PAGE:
Good intentions

24/07/2012 - 10:07
New Year resolutions have a way of influencing what consumers want to eat and drink, therefore operators need to be prepared. Sheila Eggleston reports

The Christmas and New Year celebrations are over and consumers concerned about their waistlines are taking more interest in ‘better for you’ products to counterbalance the excesses of the festive season.

From WeightWatchers to the new fangled Dukan diet taken up by Brits means menus are coming under close scrutiny.

If history is anything to go by it doesn’t last, but while it does café operators have to make adjustments to their menus to support consumers, whether it’s skinny lattes, detox smoothies or dishes with clearly labelled low calorie counts.

The pressure is on operators to offer healthier options anyway as the Government continues to encourage the nation to reduce its saturated fat intake to cut obesity levels and drives those that have signed up to its new Public Responsibility Deal to include calorie counts on menus.

The New Year is synonymous with new starts and many people always look to follow a healthier lifestyle after the festive season, says Tony Davison, commercial manager foodservice at Quorn Foods. “The new resolutions made in January mean consumers are consciously seeking healthy choices when eating out of home. Quorn is a great source of protein, low in fat and high in dietary fibre and a tasty ingredient perfect for creating delicious and flavoursome healthier dishes to fit in with this trend.

“It’s also not only a consideration for the New Year; with the nation increasingly watching its health, operators need to ensure they offer a variety of nutritious low calorie options all year round. To appeal to those watching their weight, it’s important to create a menu that features exciting, popular dishes that are healthier.”

Manufacturers that understand the need to address fat levels in products include Jus-Rol Professional, which has launched its first reduced fat pastry range to help caterers serve healthier food options that are big on taste. Available from January 1, the new pastry features 30% less fat.

“People are increasingly looking for healthier options when eating out but don’t want to sacrifice taste,” says foodservice sales manager John McKears. “Our reduced fat pastry is a milestone for the baked goods industry; it has been developed to deliver the taste and texture which has become our trademark, but enables caterers to instantly reduce the fat content in their pastry dishes and profit from the growing number of health conscious customers.

“The launch means there is finally a solution for caterers looking to strike a balance between putting on healthier and delicious pastry dishes without having to make drastic changes to menus or risk losing the ‘appetite appeal’ of their offering.”

Available in 1.5kg blocks of puff and shortcrust, the product has been crafted to deliver the texture and flavour of pastry that has been made from scratch. Caterers simply need to defrost, roll it out and be creative, says McKears.

Peros, one of the leading independent distributors of Fairtrade products in the UK, offers a range of healthy snacks and drinks from Metcalfe’s skinny topcorn and ‘nakd. wildly different’ pineapple infused raisins that offer one of consumers’ 5-a-day requirements, to Vita Coco coconut water.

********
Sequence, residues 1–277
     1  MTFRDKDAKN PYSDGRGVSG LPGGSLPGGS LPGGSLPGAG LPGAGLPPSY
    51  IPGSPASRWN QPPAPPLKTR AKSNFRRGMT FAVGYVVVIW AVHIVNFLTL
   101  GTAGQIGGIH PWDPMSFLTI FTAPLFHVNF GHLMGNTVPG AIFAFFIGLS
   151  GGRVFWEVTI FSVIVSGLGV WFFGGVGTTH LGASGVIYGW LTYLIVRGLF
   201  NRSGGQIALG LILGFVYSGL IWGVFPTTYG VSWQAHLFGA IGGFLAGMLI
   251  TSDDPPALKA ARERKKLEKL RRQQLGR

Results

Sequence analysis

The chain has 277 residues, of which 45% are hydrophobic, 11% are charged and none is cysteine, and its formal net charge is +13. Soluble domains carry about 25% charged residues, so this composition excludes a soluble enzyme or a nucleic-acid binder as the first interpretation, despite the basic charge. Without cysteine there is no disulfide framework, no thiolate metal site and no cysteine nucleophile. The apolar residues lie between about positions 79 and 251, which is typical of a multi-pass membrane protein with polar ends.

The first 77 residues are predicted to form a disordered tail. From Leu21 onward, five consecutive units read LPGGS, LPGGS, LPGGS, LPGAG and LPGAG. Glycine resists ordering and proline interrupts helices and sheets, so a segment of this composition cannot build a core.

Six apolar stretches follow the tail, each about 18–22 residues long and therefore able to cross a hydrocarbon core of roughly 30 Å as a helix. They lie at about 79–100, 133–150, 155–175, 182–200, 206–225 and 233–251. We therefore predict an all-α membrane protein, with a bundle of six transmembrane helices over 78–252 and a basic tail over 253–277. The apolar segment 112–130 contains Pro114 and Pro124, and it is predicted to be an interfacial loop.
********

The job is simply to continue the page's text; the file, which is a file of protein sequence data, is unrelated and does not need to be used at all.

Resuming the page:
Joint managing director James Roberts says a significant part of the healthy food market is the snacking sector.

“Looking specifically at this category, a recent report suggests that sales in the already substantial healthy snacks sector are set to rise by more than a fifth by 2014. This represents a fantastic opportunity for operators to boost sales and profits by offering them as an alternative or in addition to traditional ranges.

“Why is growth so strong?  Because growing consumer awareness of how sensible eating leads to positive health benefits has resulted in more people paying greater attention to their diets.

“Government campaigns such as 5-a-day and Change4life have helped drive this awareness. This has had a knock on effect in the on the go sector where time pressed consumers are still looking for a quick hunger fix – but now it needs to be a healthy option.

“Consumers are generally looking for purer options containing less sugar, salt and fat, fewer artificial additives or flavourings and more fibre. Fruit based snacks are popular as well as those containing cereals and nuts.

“Popcorn makes a great alternative to potato crisps – it’s convenient as a take-out snack but can also be eaten alongside healthy eat in options such as salad, sandwich or even soup. A good opportunity to offer meal deals.

“Plain cereal bars used to be about the only healthy alternatives to chocolate bars, oily crisps or salty nuts. That reputation has now gone because in terms of taste, healthy snacks have come of age driven by consumer demand. Now the range of flavours has become more varied and more natural – there’s something for everyone.”

Wenlock Spring says the New Year is a time when people reassess consumption habits and show a greater awareness towards health and physical fitness to counteract the excesses of Christmas. For many people this concentrates around a ‘detox’ theme. A key element of such regimes is usually a good intake of water.

“The average adult requires 1ml of water for every calorie consumed, whereas a child requires 1.5ml for every calorie consumed,” says director Matthew Orme. “Bottled water is the convenient way to access water throughout the day to stay hydrated and feeling fresh.

“In the post-festive season, looking good matters too. Water helps to maintain a healthy body weight by increasing metabolism and regulating appetite.”

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